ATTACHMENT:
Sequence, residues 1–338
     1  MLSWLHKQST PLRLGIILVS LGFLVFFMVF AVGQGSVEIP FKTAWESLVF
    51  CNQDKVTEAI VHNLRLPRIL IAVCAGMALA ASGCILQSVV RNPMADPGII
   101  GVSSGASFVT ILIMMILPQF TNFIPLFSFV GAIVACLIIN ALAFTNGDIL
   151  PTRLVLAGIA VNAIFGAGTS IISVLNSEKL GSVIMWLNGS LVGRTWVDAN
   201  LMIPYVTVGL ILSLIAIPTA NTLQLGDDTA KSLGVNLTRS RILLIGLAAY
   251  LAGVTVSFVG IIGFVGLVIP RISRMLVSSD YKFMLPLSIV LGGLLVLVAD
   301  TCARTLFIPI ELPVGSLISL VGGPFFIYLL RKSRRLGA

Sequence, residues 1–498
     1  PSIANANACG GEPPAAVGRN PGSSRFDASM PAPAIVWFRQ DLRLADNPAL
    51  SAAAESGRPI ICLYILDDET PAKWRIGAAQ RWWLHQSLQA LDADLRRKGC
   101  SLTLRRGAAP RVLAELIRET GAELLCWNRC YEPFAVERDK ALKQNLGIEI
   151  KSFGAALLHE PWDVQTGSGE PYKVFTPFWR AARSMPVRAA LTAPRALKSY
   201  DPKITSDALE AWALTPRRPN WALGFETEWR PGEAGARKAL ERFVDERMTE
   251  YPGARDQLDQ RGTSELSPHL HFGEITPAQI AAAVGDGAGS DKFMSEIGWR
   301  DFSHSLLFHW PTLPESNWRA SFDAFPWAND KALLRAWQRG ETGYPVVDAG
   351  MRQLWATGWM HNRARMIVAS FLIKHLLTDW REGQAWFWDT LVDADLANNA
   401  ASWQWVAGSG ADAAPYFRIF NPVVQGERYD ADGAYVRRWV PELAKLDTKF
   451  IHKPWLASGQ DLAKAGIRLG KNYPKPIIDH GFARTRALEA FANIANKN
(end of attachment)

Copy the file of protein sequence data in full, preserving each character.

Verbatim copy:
Sequence, residues 1–338
     1  MLSWLHKQST PLRLGIILVS LGFLVFFMVF AVGQGSVEIP FKTAWESLVF
    51  CNQDKVTEAI VHNLRLPRIL IAVCAGMALA ASGCILQSVV RNPMADPGII
   101  GVSSGASFVT ILIMMILPQF TNFIPLFSFV GAIVACLIIN ALAFTNGDIL
   151  PTRLVLAGIA VNAIFGAGTS IISVLNSEKL GSVIMWLNGS LVGRTWVDAN
   201  LMIPYVTVGL ILSLIAIPTA NTLQLGDDTA KSLGVNLTRS RILLIGLAAY
   251  LAGVTVSFVG IIGFVGLVIP RISRMLVSSD YKFMLPLSIV LGGLLVLVAD
   301  TCARTLFIPI ELPVGSLISL VGGPFFIYLL RKSRRLGA

Sequence, residues 1–498
     1  PSIANANACG GEPPAAVGRN PGSSRFDASM PAPAIVWFRQ DLRLADNPAL
    51  SAAAESGRPI ICLYILDDET PAKWRIGAAQ RWWLHQSLQA LDADLRRKGC
   101  SLTLRRGAAP RVLAELIRET GAELLCWNRC YEPFAVERDK ALKQNLGIEI
   151  KSFGAALLHE PWDVQTGSGE PYKVFTPFWR AARSMPVRAA LTAPRALKSY
   201  DPKITSDALE AWALTPRRPN WALGFETEWR PGEAGARKAL ERFVDERMTE
   251  YPGARDQLDQ RGTSELSPHL HFGEITPAQI AAAVGDGAGS DKFMSEIGWR
   301  DFSHSLLFHW PTLPESNWRA SFDAFPWAND KALLRAWQRG ETGYPVVDAG
   351  MRQLWATGWM HNRARMIVAS FLIKHLLTDW REGQAWFWDT LVDADLANNA
   401  ASWQWVAGSG ADAAPYFRIF NPVVQGERYD ADGAYVRRWV PELAKLDTKF
   451  IHKPWLASGQ DLAKAGIRLG KNYPKPIIDH GFARTRALEA FANIANKN